couple on couch
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In the past, couples were pretty easily able to separate their work lives from their personal lives. Work took place (mostly) at the office, while everything else—including wedding planning—occurred at home during off hours. During the coronavirus pandemic, however, many couples are finding themselves working from home, making it difficult to find the right balance between work and wedding planning—plus household responsibilities, exercising, getting enough sleep, and more.

If you’re having trouble finding time to plan your wedding while working from home, we’re here to help.

Create a dedicated work space.

Couples who are doing it all from home may have trouble separating out “work time” and “personal time”, so it feels like you’re working all the time. Yes, it’s important to set a schedule and have dedicated work hours, but perhaps even more important is to have a separate work space. This doesn’t mean that you and your partner each need your own home office—that’s just not feasible for most people—even a corner of the living room or a spot on the kitchen table will do. When “work time” is over, physically get up and leave your workspace to signify that you’re no longer on the clock—and able to focus on other things.

Plan activities to start and end the work day.

Aside from physically leaving your workspace, plan a short activity with your partner to help create separation between work and personal time. Yes, this can be enjoying an adult beverage, but you can also do a short workout (yes, dancing around your living room counts!), go outside, cook, or something else you and your partner both enjoy. This activity can serve as a buffer between the work day and everything else.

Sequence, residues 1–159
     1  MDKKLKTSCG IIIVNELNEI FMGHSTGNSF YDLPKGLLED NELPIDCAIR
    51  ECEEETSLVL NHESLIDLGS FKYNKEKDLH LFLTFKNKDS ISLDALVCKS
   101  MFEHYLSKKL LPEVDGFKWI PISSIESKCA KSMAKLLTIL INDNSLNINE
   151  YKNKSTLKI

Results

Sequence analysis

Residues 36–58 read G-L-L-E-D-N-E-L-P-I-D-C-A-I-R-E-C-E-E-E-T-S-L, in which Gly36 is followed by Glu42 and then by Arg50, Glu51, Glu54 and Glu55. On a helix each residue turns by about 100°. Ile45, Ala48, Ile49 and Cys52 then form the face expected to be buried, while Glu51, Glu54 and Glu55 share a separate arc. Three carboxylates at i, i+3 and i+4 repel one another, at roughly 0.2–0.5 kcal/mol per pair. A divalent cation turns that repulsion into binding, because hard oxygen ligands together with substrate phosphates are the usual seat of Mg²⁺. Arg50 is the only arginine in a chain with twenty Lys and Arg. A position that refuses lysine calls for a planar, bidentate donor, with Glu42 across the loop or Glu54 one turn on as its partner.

Use your commute time to plan.

One of the biggest perks of working from home—no commute! Whether your commute was just a few minutes or over an hour each way, you now have that time freed up to do other things—like wedding planning! Turn your commute time into dedicated wedding planning time, whether that means researching vendors, putting together your guest list, working on your wedding website, or any other task you need to check off your list.

Divvy up the workload.

Wedding planning works best when couples divide and conquer. That means, sit down and have a conversation with your future spouse and decide who wants to take on which tasks. You can also include your parents, wedding party members, and/or other close loved ones who want to help you put together your big day and assign them tasks as well. Then, trust the person to complete the task—no nagging!

Communicate with your vendors.

Your wedding pros can be excellent resources, especially during this difficult time. Of course, a wedding planner should be your point-person in terms of keeping things on track, but your other wedding vendors can be quite helpful, too. Have open and honest conversations with each of your vendors and outline the tasks that need to be done, and a suggested timeframe. Let your vendors know that you’re working from home and finding time to complete wedding planning tasks is becoming more and more difficult. They’ll be able to tell you what absolutely needs to get done now—and the tasks that can wait.

Set deadlines.

If you’re starting to feel all that planning momentum start to slow, it may be a good idea to set deadlines for each task you need to complete. Yes, it may sound super annoying, but we promise, it will make a huge difference. Use an online checklist (like WeddingWire’s) to help stay on track.

Take breaks—from everything.

Working from home and wedding planning during a pandemic is a lot to deal with. Maintaining physical and mental health is essential, so if you’re starting to feel overwhelmed, take a break. This may mean halting on wedding planning for a few days, taking a personal day from work if possible, or hiring a wedding planner to help lighten the load. Wedding planning is supposed to be fun, so if you’re starting to dread tackling your checklist, that’s a sign you should take a pause. You’ll catch up on those to-dos eventually—your sanity is what’s most important here.